The following is, or could be, a transcript from a high school history teacher’s lecture in the year 2030 on Obama’s first term. It is a continuation of the lecture series that began with “How Obama Saved the Economy,” written in October of 2009.
Just twenty-two months into Obama’s first term, his party suffered a major setback in midterm elections in what amounted to a referendum on policy shifts that had been occurring in Washington.
In the 2010 elections Democrats lost control of the House of Representatives, a half dozen Senate seats, as well as roughly a dozen states’ governors’ offices. The result was a much more equal distribution of power around the country and gridlock achieved in Washington.
The loss of the Democrats’ supermajority in the House was particularly decisive, as President Obama’s ability to push through new spending bills was essentially crippled.
Much more significant, though, was what unfolded after the beginning of the 112th Congress and inauguration of new governors in 2011. While Democrats still controlled the Senate and the White House, there was a noticeable change in policy that almost immediately began to produce tangible impacts on the American economy.
Before the Democrats lost their grip on government, President Obama had been able to push through an economic stimulus bill, a Healthcare reform bill, and a financial reform bill. At the time of the midterms Obama was still pushing for cap and trade legislation, which would have put expensive restrictions on carbon outputs and had been the source of much controversy among the business community.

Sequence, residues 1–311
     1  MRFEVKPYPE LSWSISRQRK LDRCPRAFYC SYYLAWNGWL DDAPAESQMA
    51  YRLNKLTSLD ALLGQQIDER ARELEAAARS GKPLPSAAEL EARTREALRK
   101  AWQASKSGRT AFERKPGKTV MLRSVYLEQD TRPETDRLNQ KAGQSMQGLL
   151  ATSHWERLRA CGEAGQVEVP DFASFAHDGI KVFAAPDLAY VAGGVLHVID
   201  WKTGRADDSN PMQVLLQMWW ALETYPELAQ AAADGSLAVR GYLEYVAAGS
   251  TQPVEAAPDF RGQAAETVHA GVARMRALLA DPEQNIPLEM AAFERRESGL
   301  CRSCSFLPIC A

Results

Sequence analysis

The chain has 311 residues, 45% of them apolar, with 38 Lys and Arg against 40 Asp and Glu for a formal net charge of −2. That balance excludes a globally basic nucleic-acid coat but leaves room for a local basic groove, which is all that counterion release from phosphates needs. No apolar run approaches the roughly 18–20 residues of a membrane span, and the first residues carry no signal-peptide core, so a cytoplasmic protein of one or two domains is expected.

Unfortunately, as many had previously forecast, these policies did not serve to help the United States’ economy. Instead they injected significant uncertainty into the business community and stifled its recovery from the financial crisis of 2008.
With the government passing expensive legislation like healthcare reform and proposing cap and trade laws, businesses effectively stopped expansion plans because they could not know how much their costs of doing business or hiring employees might change.
Before the midterm elections Democrats had held a supermajority in the House, as well as control of the Senate, White House, and the governors’ offices of most states. With such complete control, they had no reason to listen to or cooperate with Republicans, much less their constituents; so they didn’t.
Once the wrath of voters was felt at midterm elections, however, Democrats had no choice but to begin shifting their policies in a cooperative dialogue with Republicans to improve the economy. They quickly realized that real economic growth – substantiated by significant improvement in employment figures – would be the only way those remaining Democrats would win sufficient support among constituents to ensure their reelection in 2012.
In a move that was wildly popular among voters, particularly the supporters of the then-popular “Tea Party” Movement, incoming Republicans applied considerable pressure and succeeded in reversing many of the policy trends previously being pursued by Washington’s far-left Democrats.
Most notably, through additional influence on policy making Republicans were able to substantially loosen the stranglehold of regulation on the economic recovery which had already begun – to some extent – before the elections of November, 2010.
The government correctly decided that their budget
was better spent educating the public on the detection of fraud.